Friday, August 30, 2013

Friday Inspiration - SAQA Benefit Auction 2013

A sign of autumn nearing - SAQA's (Studio Art Quilt Association) 2013 Benefit Auction begins Monday, September 9th!  The quilts are all up online now so you can look through them - for inspiration or to plan your strategy on making purchases.  Instructions on how to take part in the auction are here.

Each year I like to go through and pick out a few of my favorites to post on ArtThreads - this year it was hard for me to narrow down which one's to feature.  Lots of inspiring work!  In the interest of not having a superlong post, these here are my favorite four (clicking on the artist's name will take you to a larger image):

I've long been a fan of Mary Pal's amazing work with loosely woven fabrics and her quilt this year, Looking Back, is beautiful.  The emotions she captured give me goose bumps .... her last year's entry was also one of my favorites.

I love the depth in Susan Zimmerman's quilt!  It almost looks like one could fall into it.

Annette Rogers' Nature's Carpet is one of those pieces you can look at several times and keep seeing new things.  Great layering!

I love the bright, fun colors of Rebecca Douglas's whimiscal garden quilt!  It captures the feeling of summer.   And again, lots of nice layering and fabrics.

Happy Creating!  Deborah

Wednesday, August 28, 2013

Receiving Blankets

This is my go-to baby gift - easy, easy and always a hit!

*1 1/4 yards good quality cotton flannel, washed and edges trimmed
*size 10 crochet thread - I like using bamboo as it's softer
*size 5 steel crochet hook

1.  Fold the flannel in half and half again - trim the corners, rounding them slightly.

2. A few inches to the left of one corner, turn edge under about 1/4 inch.

3.  Push crochet hook through the fabric from front to the back side.

4.  Pull a loop of crochet thread through to the front.

5.  Chain 1.

6.  Insert hook through fabric a little to the left of the previous time, pull through a loop of thread (you'll have two loops on your hook), pull thread through both loops.  What you're doing is making a single crochet.  Continue piercing the fabric and making single crochet stitches (while folding the fabric over) until you come back to where you began.  Join to the first chain with a slip stitch.  At the top of each corner, make three single crochets in one space.  To keep your fabric from curling, make these stitches fairly loose.

7.  Single crochet in each previous stitch all around the blanket.  At the tip of each corner, make 3 single crochets in one space.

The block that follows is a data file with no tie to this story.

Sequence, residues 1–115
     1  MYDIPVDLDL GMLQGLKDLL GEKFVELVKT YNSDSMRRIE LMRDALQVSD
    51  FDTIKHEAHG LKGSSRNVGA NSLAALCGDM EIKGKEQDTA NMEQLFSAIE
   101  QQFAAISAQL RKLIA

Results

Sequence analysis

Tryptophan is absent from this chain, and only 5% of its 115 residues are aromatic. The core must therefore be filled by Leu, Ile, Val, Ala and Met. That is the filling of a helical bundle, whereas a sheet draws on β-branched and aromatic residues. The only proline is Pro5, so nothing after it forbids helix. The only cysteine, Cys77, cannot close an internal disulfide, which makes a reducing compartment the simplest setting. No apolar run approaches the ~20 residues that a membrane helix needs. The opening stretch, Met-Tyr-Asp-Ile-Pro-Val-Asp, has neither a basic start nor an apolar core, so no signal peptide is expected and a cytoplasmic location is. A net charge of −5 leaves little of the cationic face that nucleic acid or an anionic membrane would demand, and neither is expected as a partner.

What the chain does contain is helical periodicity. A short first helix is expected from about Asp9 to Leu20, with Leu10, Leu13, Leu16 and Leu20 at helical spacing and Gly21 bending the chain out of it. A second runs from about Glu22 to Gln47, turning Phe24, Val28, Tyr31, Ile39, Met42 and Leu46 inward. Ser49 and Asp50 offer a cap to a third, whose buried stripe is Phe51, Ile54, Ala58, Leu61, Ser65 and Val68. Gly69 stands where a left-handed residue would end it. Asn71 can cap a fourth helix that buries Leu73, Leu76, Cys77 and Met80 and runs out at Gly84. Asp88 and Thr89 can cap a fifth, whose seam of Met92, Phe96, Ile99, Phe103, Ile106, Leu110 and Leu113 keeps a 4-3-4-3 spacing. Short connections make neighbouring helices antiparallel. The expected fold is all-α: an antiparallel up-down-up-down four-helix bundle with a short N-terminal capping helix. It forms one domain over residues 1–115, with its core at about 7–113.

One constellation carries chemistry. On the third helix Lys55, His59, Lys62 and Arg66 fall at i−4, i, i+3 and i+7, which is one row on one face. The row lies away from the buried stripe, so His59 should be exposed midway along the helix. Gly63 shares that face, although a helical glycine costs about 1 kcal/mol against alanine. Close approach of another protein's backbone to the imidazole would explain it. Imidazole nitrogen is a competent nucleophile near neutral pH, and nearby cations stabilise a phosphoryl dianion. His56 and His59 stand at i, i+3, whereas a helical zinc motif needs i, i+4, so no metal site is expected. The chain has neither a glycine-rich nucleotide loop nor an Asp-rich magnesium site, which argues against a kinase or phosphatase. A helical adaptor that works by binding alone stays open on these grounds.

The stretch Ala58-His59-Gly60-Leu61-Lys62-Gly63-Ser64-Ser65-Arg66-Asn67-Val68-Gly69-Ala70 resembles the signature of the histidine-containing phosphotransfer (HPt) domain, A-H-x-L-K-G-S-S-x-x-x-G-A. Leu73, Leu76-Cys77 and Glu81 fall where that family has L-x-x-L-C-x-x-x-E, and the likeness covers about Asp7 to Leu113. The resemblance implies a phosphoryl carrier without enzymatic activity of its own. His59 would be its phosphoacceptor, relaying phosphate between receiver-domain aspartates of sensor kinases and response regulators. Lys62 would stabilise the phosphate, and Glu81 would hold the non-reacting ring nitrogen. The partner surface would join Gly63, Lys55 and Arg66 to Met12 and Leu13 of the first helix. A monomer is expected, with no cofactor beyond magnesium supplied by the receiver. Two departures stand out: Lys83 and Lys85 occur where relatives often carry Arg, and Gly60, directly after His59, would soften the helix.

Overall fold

8.  Now you'll be adding your edging - there are lots patterns available free on-line from sites such as Crochet Patterns Central.  This blanket is for a new little boy, so I'm using a simple zig zag stitch.  In the first space chain 1, *half double crochet 1, double crochet 1, half double crochet 1, single crochet 1.  Single crochet in the next space.  In the following space, single crochet 1* and then repeat between the *'s around the whole blanket.  Fasten off.

I've found that I don't need to add extra stitches on the corners, but if your edging looks too tight, then add an additional triangle at the tip of each corner.

And I did it again ... I gave the gift away without taking a photo of it finished.  Basically all you missed was the really cute dinosaur print I bought at Joann's!  Here's a photo of one I did several years ago that gives you an idea of how the flannel blankets look with edging:

Happy Creating!  Deborah

Friday, August 23, 2013

Friday Inspiration - Embroidery Blogs

There are a few embroidery blogs I've bookmarked recently that are worth taking a look at.

Ella's Craft Creations by Chris Richards is full of inspirational projects and posts!  She has a great tutorial on dragonflies that I definitely need to try.

I've done a little bit of work with sunprinting, but after reading a tutorial on Sarah Whittle's blog I'm thinking I need to try a few more techniques!  She combines sunprint dyeing with embroidery for some very interesting work.

 And having worked a little bit with silk ribbon embroidery recently, I'm interested in Carol Daisy's pansy tutorial.  Beautiful!

Happy Creating!  Deborah

Wednesday, August 21, 2013

Sunflower Dyeing

I'm having fun experimenting with sunflower tie dye/ice dyeing!  See this post for tie dye instructions, this post for ice dyeing, and this post for combining the two.

Happy Creating!  Deborah

Monday, August 19, 2013

Sunflower Embroidery

I'm still working with sunflowers!  I've put this one on a bread cloth - see this past post on making the cloth and this post for the crochet edging.

Embroidery floss:  3 shades of green, 3 shades of yellow, 3 shades of brown, periwinkle
Pattern  Print in landscape to get correct size

1.  Using an outline stitch, embroider the sunflower petals, the leaf outline, and the outer circle of the sunflower center.  Using one of the coordinating brown colors, embroider along every other line in the sunflower center.

2.  Embroider the remaining lines of the sunflower center with the third brown color and the center of the petals with a second yellow.

3.  Embroider the center line on the leaf with a second green color.  Using a fly stitch, embroider down the center line with the third green color.

4.  Using a fly stitch, embroider down the petals with the third yellow color.  Using the same color that you used to outline the sunflower center, put a french knot in each square in the center.

5.  Using a lazy daisy stitch, embroider the three periwinkle flowers.  Put a yellow french knot in the center of each.

And you're finished!

Happy Creating!  Deborah

Friday, August 16, 2013